A drone image of pre-launch preparations by bluShift Aerospace at the former Loring Air Force Base in Limestone on Sunday, Jan. 31. (Courtesy bluShift)
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At 9:30 last Sunday morning, with the temperature around 6 degrees, I inched my way down a snow- and ice-covered main runway of the long-closed Loring Air Force Base in Limestone toward a clutch of vans and trucks, people and equipment preparing to launch a 20-foot, biofuel rocket.

Brunswick-based bluShift Aerospace, which developed both the fuel and the rocket, hopes this successful launch, preceded by two failed attempts earlier this year, will allow the company to begin working with other companies to launch nanosatellites – miniature satellites with a mass of fewer than 10 kilograms – largely used for communication and remote sensing.

The rocket also carried a payload that included atmospheric sensors developed by Falmouth High School students, product from a New Hampshire company testing material durability under launch stress, and a collection of Dutch stroopwafels from a company sending a humorous nod to its parent company in Amsterdam.

Loring AFB, which closed in 1994 after almost five decades as a critical defense base during the Cold War, is the perfect spot to test the viability of launching rockets with biofuels produced from agricultural byproducts – hay, manure, and other renewable commodities. The base is largely abandoned, and there are few homes nearby, especially in winter when few people, except for snowmobilers and cross-country skiers, are on site.  

The scheduled 10 a.m. launch was delayed by cloud cover, which eventually broke, but technical problems, largely the result of low temperatures, also developed. In the first attempt, while there was flame at the bottom of the rocket, a valve failed to open and liquid oxidizer didn’t flow; 90 minutes later, a second attempt also failed, because the fuel had been drained during the first attempt, bluShift CEO Sascha Deri explained.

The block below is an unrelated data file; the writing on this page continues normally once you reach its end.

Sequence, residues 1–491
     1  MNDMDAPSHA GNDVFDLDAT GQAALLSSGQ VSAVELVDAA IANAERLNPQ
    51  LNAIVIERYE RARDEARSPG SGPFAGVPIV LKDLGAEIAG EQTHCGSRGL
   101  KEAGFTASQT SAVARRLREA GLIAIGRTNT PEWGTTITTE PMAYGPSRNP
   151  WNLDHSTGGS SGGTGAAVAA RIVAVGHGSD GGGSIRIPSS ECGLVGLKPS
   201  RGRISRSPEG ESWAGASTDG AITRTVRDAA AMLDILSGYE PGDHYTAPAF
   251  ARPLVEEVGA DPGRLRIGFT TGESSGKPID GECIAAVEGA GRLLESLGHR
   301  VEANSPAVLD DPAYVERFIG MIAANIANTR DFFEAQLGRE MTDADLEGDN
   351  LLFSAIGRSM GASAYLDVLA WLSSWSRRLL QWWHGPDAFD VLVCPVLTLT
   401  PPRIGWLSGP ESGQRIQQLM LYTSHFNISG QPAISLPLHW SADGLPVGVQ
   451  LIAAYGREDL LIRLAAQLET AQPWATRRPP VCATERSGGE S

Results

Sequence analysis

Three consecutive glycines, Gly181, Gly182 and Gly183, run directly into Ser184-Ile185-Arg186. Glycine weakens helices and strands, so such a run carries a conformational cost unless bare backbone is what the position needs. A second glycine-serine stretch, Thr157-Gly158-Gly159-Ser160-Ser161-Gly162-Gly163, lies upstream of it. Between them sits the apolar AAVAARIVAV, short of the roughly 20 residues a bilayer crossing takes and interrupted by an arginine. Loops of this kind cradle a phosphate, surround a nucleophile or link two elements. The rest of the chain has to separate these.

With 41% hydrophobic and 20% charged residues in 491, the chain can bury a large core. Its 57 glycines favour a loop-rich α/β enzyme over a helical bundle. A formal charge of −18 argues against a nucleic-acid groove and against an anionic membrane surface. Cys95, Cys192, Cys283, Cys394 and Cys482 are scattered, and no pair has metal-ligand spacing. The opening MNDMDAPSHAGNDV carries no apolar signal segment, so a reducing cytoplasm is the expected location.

“Go get some lunch, and we’ll come back in an hour,” he advised.

BluShift Aerospace CEO Sascha Deri, with members of his family behind him, awaits the Jan. 31 launch of the Brunswick company’s biofuel rocket at the former Loring Air Force Base. (Courtesy Kasey MG Grieco)

After the break for lunch, and refueling the rocket, the sky cleared and the wind died, and Maine’s first rocket was launched and landed shortly after 3 p.m. to cheers from all present – especially Deri, who had never seen a rocket launch.  

“It was spectacular, and the whole team was incredibly pleased,” said Betta Stothart, publicist for bluShift.  “It was perfect! We had bluebird skies and no wind!” 

On Monday morning Stothart was headed south, while Deri and the launch team were back to Loring’s enormous hangar, packing up the rocket, loading trailers, and hurrying to return to Brunswick before the expected big snowstorm hit the state and The County.  

While the rocket didn’t reach space, the successful launch put bluShift in a better position to secure funding from investors for a larger rocket that could actually soar briefly into space and create some weightlessness for payloads it might carry. 

There is some irony that bluShift’s venture connects the only two large air bases, Loring and Brunswick – both closed – in the state where the company is located. While the launch caused a lot of excitement in The County, which would welcome the company back, bluShift plans to have future launches off the coast because they can increase safety by launching over the ocean, Stothart said, perhaps even from a barge.

“(Deri) is really serious about making sure that no people, no part of the population is put at risk,” she said. “But Limestone is a great place to do business. We had everything we needed, and it is truly beautiful.” 

Jan Grieco is a retired college instructor and former reporter for The Forecaster. She lives in Perham, where she farms and lives off the land.